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You Are Allowed to Say Things Like This

Posted by T. Resnikoff // September 8th 2015 // Featured Youth, Future of Faith // one comment

 “Wow. You may not be ordained, but you’re doing ministry already.”

– Rev. Peter Morales, President, Unitarian Universalist Association(UUA).

Watch as Lou Whiting, UUA Summer Seminary 2015 graduate, delivers her “preach-off” sermon at First Universalist Church of Denver.

Watch Halley Norman’s sermon, “The First Principle”, here
Watch Audrey Havelah Laughrey’s sermon, “On the Meaning of Life”, here
Watch Nelson Moroukian’s sermon, “We Love in a Community of Constant Change”, here


LOU WHITING: Hello. I am Lou. I am from outside of Chicago. And I attend the Unitarian Universalist Society of Geneva, Illinois.

Two years ago I remember trying to catch a train out to see a friend a couple towns over. Now it was a Sunday and trains only run every two hours on Sundays. And I managed to miss my train not only once, but twice in a row. After the second time, I realized that maybe I should wait out the next two hours at the train station instead of running home again to grab that thing that I forgot again.

I have ADHD. It’s what life is like for me. I’m constantly forgetting things and perpetually running late. It’s been very frustrating, but this year I’ve accepted it as a challenge that I’m going to have to face for the rest of my life and not something with a short-term solution.

As is such, a couple weeks ago I started introducing myself to groups and people as, hi, I’m Lou. I have ADHD. I’ll probably be late to some of the activities and things that are going on. And I want you to know that I don’t mean it as a sign of disrespect, that I care just as much as every other person. These things are just a little bit harder for me.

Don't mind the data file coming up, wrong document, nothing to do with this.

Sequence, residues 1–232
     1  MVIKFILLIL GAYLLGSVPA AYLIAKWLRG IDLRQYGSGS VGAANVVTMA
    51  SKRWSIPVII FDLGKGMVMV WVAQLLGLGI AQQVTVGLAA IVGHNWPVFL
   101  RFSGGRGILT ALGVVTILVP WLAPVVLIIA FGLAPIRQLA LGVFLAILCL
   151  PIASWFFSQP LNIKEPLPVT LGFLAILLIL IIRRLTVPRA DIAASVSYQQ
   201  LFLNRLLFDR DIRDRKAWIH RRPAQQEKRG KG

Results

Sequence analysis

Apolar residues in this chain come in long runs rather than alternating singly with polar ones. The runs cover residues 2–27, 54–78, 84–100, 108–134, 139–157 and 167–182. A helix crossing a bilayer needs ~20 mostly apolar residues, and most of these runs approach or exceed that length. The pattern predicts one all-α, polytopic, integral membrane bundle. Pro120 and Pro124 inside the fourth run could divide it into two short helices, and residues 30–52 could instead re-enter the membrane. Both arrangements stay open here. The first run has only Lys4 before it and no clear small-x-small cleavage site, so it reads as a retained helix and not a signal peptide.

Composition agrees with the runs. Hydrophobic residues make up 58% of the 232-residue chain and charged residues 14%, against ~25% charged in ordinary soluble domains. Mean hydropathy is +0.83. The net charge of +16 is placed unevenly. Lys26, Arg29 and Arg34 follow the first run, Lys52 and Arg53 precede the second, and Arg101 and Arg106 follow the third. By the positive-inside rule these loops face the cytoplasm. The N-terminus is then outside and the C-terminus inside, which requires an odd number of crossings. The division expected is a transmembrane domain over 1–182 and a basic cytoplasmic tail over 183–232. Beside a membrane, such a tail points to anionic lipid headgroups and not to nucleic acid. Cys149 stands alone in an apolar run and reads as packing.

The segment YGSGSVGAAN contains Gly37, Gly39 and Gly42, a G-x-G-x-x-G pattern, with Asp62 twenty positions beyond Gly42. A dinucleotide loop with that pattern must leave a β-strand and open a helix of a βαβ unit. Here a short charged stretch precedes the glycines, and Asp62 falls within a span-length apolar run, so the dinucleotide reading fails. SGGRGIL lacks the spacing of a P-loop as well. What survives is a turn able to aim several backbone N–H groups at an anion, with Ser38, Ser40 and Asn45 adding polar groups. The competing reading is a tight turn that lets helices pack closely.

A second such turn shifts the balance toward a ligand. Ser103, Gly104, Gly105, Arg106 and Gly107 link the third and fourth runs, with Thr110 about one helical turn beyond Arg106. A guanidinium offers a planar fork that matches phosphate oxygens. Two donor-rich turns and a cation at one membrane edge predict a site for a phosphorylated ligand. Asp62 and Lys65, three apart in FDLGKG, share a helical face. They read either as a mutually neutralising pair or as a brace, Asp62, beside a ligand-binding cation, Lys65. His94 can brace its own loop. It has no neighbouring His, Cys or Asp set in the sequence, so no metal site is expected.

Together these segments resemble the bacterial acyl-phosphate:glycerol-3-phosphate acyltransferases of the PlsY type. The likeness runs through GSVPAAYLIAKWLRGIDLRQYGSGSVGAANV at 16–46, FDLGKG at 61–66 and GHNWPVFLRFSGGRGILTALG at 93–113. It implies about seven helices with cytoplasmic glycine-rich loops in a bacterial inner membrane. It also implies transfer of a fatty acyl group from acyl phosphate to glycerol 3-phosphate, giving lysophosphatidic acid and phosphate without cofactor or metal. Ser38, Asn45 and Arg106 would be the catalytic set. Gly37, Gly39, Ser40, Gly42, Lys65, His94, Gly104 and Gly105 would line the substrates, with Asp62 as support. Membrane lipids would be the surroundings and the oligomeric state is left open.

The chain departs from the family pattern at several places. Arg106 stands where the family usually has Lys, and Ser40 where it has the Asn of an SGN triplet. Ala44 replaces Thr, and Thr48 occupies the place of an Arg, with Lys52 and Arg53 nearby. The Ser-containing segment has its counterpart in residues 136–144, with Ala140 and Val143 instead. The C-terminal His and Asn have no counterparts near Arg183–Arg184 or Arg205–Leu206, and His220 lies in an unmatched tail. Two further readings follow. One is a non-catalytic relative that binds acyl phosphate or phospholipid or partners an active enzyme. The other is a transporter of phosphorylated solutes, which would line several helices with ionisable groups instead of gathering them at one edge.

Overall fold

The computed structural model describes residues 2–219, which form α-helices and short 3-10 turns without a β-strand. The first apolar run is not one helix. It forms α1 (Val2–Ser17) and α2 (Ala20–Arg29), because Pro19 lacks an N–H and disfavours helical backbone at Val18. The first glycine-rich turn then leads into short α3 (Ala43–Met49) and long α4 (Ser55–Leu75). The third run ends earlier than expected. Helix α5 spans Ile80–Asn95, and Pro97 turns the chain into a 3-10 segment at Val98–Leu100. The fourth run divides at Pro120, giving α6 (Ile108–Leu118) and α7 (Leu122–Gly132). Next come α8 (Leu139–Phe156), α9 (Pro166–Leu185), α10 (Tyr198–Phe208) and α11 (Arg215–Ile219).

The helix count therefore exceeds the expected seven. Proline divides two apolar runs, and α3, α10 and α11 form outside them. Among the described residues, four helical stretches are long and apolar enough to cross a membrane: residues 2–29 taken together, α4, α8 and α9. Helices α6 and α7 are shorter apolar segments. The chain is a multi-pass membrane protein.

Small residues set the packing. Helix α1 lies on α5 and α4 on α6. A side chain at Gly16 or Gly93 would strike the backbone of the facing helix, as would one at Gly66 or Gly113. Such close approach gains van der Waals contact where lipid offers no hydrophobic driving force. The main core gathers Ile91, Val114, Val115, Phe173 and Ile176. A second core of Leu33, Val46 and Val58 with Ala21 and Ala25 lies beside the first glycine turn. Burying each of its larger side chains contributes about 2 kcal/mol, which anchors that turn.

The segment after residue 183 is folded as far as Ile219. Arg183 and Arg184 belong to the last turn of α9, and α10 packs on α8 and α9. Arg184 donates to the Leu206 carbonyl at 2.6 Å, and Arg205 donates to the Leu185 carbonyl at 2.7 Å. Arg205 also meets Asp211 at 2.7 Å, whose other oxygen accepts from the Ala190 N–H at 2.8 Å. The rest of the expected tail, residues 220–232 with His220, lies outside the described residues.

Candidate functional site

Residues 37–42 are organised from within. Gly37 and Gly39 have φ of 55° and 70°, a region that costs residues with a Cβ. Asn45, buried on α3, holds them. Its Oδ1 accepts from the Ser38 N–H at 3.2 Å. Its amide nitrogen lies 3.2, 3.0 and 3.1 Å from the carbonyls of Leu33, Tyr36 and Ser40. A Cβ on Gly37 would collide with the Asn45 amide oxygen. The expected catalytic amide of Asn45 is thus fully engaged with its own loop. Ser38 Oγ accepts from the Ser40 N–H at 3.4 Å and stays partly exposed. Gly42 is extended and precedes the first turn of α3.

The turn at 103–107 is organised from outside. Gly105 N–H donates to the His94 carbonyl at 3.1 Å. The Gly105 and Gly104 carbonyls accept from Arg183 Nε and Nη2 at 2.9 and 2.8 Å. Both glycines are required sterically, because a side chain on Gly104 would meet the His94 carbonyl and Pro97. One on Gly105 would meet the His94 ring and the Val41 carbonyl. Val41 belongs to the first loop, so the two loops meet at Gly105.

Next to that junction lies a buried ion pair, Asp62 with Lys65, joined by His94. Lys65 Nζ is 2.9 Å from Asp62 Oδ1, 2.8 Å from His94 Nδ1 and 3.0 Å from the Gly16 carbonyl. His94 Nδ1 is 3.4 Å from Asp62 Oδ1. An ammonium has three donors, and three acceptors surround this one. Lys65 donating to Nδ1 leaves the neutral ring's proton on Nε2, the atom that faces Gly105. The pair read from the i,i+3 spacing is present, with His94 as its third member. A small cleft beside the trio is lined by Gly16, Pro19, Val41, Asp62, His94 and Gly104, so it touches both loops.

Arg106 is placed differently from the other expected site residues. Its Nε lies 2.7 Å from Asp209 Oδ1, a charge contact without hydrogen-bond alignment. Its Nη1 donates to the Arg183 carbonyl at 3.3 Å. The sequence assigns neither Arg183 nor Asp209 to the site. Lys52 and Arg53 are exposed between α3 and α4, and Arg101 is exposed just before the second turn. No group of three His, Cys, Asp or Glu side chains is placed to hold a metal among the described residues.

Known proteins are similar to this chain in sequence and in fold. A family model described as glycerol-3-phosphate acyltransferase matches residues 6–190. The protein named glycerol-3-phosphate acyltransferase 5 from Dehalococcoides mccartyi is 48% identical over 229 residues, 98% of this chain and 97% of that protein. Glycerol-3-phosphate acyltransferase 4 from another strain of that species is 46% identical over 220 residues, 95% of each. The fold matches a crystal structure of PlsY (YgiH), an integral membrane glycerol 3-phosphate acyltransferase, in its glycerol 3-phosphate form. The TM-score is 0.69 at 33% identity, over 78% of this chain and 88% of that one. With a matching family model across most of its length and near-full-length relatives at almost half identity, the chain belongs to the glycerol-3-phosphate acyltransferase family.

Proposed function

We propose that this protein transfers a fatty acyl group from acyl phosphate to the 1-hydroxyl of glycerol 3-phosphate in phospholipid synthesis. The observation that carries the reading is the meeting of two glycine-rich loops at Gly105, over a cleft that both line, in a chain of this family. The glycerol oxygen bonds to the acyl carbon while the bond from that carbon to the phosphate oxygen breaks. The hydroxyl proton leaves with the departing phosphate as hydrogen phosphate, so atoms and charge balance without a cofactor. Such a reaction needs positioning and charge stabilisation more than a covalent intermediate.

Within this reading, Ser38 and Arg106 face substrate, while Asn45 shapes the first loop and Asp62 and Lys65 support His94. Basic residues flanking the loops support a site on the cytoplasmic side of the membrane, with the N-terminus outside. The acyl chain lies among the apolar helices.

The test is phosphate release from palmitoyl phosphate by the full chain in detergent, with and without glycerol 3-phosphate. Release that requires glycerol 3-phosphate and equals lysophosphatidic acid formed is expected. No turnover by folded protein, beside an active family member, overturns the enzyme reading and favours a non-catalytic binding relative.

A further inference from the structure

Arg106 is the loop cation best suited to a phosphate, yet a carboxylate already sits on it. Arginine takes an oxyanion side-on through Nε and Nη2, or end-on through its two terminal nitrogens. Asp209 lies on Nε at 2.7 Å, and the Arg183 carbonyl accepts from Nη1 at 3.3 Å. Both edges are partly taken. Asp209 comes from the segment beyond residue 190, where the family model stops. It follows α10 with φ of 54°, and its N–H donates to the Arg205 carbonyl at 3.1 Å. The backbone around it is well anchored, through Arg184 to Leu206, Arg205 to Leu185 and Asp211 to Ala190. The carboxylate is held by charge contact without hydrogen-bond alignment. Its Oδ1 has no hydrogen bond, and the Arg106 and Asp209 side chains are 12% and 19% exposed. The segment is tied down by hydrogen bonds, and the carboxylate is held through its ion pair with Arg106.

I know from talking to mainly adults who I’ve told this to that it comes across as self-centered. And it is. And I am.


To be human is to be self-centered. We give it such a negative connotation. We have this idea of the perfect person as somebody who is completely selfless and incredibly generous. We say people are self-centered– for example, older generations talking about younger ones. The kids today are so self-centered. Youth say it about each other. Wow, they’re so self-centered. All they do is post selfies on the Facebook and the Twitter.


I’ve heard my friends say this. I’ve said this. We say it about people who disappoint us. How could you be so self-centered?

But we need to be. We owe it to ourselves to take care of ourselves. We need to make sure that our health, mentally, emotionally, physically, and spiritually, is in check so we can be the people and live to our fullest when interacting with others in the world.

There’s this paradox of guilt that happens. We hold standards for other people that are very high and we don’t meet them ourselves. So we feel bad about that. And then we forgive others more easily than we forgive ourselves. And we feel bad about that. And it becomes this perpetuating cycle of guilt. And so in being so focused on the self and how bad we feel, we get upset for others or with others for being self-centered. We forget that we are not the only ones who have just as much going on up here and in here as we have going on out there.

But that’s why we have sayings. That’s why we have phrases and lessons. That’s why we have things like love thy neighbor as thyself. Love thyself as thy neighbor. Treat others the way you wish to be treated. Treat yourself as well as you treat everyone else. Everyone has inherent worth and dignity. You have inherent worth and dignity. I have inherent worth and dignity. You’re allowed to say things like this. You’re allowed to say things like this. Thank you.


About the Author

Ted Resnikoff is the Digital Communications Editor at the Unitarian Universalist Association.
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